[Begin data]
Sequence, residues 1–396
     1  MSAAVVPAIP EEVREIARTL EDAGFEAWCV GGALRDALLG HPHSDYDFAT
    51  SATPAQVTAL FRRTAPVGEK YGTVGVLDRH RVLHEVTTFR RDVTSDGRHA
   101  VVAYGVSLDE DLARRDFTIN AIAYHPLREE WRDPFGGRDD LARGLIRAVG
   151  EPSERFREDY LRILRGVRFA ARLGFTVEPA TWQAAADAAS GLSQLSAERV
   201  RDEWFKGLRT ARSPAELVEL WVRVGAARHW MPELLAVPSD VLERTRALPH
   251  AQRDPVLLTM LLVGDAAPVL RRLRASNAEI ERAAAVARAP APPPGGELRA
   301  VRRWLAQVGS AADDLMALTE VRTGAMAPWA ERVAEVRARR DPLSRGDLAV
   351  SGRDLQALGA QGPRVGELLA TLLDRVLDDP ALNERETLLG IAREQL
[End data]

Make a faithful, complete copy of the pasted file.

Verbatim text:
Sequence, residues 1–396
     1  MSAAVVPAIP EEVREIARTL EDAGFEAWCV GGALRDALLG HPHSDYDFAT
    51  SATPAQVTAL FRRTAPVGEK YGTVGVLDRH RVLHEVTTFR RDVTSDGRHA
   101  VVAYGVSLDE DLARRDFTIN AIAYHPLREE WRDPFGGRDD LARGLIRAVG
   151  EPSERFREDY LRILRGVRFA ARLGFTVEPA TWQAAADAAS GLSQLSAERV
   201  RDEWFKGLRT ARSPAELVEL WVRVGAARHW MPELLAVPSD VLERTRALPH
   251  AQRDPVLLTM LLVGDAAPVL RRLRASNAEI ERAAAVARAP APPPGGELRA
   301  VRRWLAQVGS AADDLMALTE VRTGAMAPWA ERVAEVRARR DPLSRGDLAV
   351  SGRDLQALGA QGPRVGELLA TLLDRVLDDP ALNERETLLG IAREQL